Introducing the Inti Tanager! – a genus and species of bird new to science from the Andes of Peru and Bolivia. The world “Inti” is the Quechua word for Sun, reflecting the bright yellow color of the bird. The bird was spotted back in 2000 by Dan Lane from Louisiana State University. However, it took many years of study for a careful description to be written and finally published. Dan is the lead author of the paper, with several co-authors including Burns lab members. Our lab’s contribution was working on the genetics. The bird is so unusual, it was hard to even figure out to which family the bird belonged just based on its appearance. The most likely candidate family seemed to be tanagers. Tanagers are the largest family of songbirds and the group of birds the Burns lab has been working on for many years. Through analysis of its DNA sequences, we were able to show it is indeed a tanager, and also we were able to pinpoint where exactly within the tanager family the bird belongs. Turns out it’s most closely related to the Black-goggled Tanager and the Gray-head Tanager. Although it clearly belongs with the tanagers, the bird was so different in appearance and DNA from other tanagers, we gave the bird a new genus name. This is noteworthy since only about 10 new genera have been described in the last 50 years. The genus name we chose is Heliothraupis which comes from Greek words that roughly translate to “Sun Tanager”. Thus, the genus name reflects the common name of the bird. The DNA work in our lab was done in two stages. Former Burns lab student Luke Klicka (now a professor at Peru State College) sequenced several mitochondrial and nuclear genes. Several years later, another Burns lab student, Rosalyn Price-Waldman (now a PhD candidate at Princeton), sequenced thousands of genetic loci known as Ultraconserved elements. Together, the data showed where this bird fit within the avian evolutionary tree, and we are excited to finally be able to share this amazing bird with the rest of the world!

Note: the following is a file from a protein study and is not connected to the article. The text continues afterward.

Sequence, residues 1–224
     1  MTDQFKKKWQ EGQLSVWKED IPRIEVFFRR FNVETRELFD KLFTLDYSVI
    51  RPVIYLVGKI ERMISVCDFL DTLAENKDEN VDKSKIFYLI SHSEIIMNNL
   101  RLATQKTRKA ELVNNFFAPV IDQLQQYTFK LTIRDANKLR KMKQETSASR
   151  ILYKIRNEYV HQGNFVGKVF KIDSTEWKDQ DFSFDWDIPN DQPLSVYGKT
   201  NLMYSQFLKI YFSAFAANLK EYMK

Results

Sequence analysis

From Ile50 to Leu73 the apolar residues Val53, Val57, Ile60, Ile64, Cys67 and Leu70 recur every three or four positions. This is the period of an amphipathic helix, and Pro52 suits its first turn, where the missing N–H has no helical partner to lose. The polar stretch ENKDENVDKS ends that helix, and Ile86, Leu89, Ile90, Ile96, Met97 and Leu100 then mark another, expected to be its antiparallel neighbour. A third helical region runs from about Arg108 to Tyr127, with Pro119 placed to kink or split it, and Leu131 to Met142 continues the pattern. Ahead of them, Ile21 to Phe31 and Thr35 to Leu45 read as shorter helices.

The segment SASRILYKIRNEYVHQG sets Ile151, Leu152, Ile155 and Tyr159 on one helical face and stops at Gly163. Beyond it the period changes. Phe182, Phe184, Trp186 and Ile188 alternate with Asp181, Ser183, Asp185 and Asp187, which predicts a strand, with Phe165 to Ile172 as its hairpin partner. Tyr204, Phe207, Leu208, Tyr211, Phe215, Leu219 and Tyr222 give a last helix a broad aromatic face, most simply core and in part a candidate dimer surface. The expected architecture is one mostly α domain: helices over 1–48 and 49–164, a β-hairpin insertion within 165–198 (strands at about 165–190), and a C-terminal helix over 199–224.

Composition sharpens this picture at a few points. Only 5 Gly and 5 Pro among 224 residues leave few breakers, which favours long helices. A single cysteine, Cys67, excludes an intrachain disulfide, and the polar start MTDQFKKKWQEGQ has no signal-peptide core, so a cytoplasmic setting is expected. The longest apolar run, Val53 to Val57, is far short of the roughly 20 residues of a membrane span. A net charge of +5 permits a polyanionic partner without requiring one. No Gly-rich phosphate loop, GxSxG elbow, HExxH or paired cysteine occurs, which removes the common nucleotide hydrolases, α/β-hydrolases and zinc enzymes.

Some media coverage:
Slate, Audubon, SDSU Newscenter, Birdwatching Daily, Daily Mail, La Republica, Daily Aztec, extended Slate article
The paper can be downloaded here: https://doi.org/10.1093/ornithology/ukab059